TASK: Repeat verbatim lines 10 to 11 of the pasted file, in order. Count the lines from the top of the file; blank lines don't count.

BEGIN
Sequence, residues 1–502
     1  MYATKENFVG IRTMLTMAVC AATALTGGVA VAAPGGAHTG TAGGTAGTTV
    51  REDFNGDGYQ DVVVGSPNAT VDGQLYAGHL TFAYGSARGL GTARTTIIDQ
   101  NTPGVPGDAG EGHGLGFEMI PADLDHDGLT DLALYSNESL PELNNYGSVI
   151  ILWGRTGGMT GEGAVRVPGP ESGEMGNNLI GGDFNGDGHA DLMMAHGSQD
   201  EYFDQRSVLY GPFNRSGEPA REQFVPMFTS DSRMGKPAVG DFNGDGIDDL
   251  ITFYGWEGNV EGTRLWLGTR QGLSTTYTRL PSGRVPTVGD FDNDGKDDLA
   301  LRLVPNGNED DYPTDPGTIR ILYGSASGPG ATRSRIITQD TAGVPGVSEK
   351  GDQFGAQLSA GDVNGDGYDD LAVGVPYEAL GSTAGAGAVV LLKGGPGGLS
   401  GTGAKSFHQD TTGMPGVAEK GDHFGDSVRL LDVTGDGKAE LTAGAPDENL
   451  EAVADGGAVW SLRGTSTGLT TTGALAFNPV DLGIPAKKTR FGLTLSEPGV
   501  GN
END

   401  GTGAKSFHQD TTGMPGVAEK GDHFGDSVRL LDVTGDGKAE LTAGAPDENL
   451  EAVADGGAVW SLRGTSTGLT TTGALAFNPV DLGIPAKKTR FGLTLSEPGV